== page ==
What Does it Take to Recoup Stock Market Losses?

by Sep 3, 2020Personal Finance

Most investors believe that when they lose 10% of their stock portfolio, they need their stocks to go up by 10% to break even.

Sadly, that’s not quite how things work. It’s a matter of doing the math correctly. 

After a stock market correction, your gains need to be greater than your losses for you to get back to even.

Let’s do the math.

  • Say your investment is worth $100.
  • If it goes down 10%, it will be worth $90, right?
  • The 10% loss is based on the $100 value.
  • After the 10% drop, the new starting point is not $100, but $90.
  • It does take a $10 gain to get back from $90 to $100, but the $10 needs to be divided by $90, not $100.
  • The correct math is not 10/100 (i.e. 10%), but 10/90 (i.e. 11.1%)
  • So in this case, it would take an 11.1% gain to get back to even.

Did you follow the math and the reasoning? It is critically important to understand it.

Here is the key point: when calculating return percentages, you need to calculate from the starting value as the base ($90 in our example).

Now let’s take this a bit further.

Let’s say your loss is greater than 10%. The same calculation shows that the more you lose, the greater the increase required to break even.

Again, a loss of 10% requires an 11% gain to recover.

A loss of 20% requires a 25% gain to recover (20/80).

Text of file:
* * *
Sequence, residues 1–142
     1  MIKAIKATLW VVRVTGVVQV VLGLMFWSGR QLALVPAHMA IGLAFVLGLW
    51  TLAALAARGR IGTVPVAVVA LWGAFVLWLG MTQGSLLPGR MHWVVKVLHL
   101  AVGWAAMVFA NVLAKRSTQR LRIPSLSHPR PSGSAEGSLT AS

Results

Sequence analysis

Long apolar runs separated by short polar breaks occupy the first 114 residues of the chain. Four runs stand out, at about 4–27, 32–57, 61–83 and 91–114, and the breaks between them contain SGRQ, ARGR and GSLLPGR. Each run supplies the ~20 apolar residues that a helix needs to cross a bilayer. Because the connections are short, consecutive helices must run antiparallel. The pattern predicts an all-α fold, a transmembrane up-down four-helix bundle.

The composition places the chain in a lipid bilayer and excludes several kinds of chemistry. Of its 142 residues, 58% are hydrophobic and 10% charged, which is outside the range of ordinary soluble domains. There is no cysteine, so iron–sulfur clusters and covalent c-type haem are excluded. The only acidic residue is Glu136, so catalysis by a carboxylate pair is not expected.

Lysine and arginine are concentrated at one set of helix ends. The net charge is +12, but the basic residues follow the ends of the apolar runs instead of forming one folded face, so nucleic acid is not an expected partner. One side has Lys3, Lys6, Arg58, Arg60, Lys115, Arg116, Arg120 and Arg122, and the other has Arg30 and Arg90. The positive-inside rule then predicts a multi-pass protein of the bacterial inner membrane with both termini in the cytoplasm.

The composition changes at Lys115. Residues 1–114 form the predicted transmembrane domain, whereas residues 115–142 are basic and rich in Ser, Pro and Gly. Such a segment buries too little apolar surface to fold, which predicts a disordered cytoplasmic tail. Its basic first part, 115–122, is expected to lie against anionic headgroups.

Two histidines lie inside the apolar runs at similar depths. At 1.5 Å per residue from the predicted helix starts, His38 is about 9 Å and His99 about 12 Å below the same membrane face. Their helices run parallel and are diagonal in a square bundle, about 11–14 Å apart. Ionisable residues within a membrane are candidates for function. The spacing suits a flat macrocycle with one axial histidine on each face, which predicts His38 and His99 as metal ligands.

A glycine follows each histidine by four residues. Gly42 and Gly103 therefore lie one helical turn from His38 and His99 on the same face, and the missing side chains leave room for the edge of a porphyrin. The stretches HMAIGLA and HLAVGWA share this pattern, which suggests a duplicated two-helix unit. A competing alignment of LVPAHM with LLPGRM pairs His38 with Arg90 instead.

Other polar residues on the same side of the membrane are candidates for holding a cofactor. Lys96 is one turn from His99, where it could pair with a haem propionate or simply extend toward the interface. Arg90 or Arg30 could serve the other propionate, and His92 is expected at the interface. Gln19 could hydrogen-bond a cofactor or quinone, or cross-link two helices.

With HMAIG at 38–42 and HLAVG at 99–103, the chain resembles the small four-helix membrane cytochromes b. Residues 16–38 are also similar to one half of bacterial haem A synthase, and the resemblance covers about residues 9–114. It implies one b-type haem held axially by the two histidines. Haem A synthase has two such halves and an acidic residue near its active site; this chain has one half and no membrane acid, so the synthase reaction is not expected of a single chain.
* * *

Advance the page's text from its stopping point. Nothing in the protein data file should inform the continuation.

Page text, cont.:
A loss of 25% requires a 33% gain to recover (25/75).

A loss of 30% requires a 43% gain to recover (30/70).

A loss of 50% requires a 100% gain to recover (50/50)!

A loss of 75% requires a 300% gain to recover (75/25)!!

A loss of 80% requires a 400% gain to recover (80/20)!!!

A loss of 90% requires a 900% gain to recover (90/10)!!!!

As you can see, the gains required grow exponentially.

The other issue with recovering from losses is the time it takes to climb back up.

It’s like mountain climbing. It’s much faster to go down, than to go up.

So what’s the moral of the story?

Losses are a big deal. Volatility is a big deal. Don’t let financial advisors and portfolio managers tell you otherwise.

This is the reason why building a portfolio that is stable, consistent, low-risk, almost boring, is so important.

And the closer you are to retirement, the more important this concept becomes.

Phil Zeltzman, DVM, DACVS
Meredith Jones, DVM
Co-Founders of Veterinary Financial Summit

Are you ready to conquer your financial future? Be sure to join us in September for the VFS Virtual Conference. At the conclusion of the event, not only will you have a better understanding of your financial future, you will also have created your financial plan, and become part of a Community of like-minded Veterinarians supporting one another throughout the year.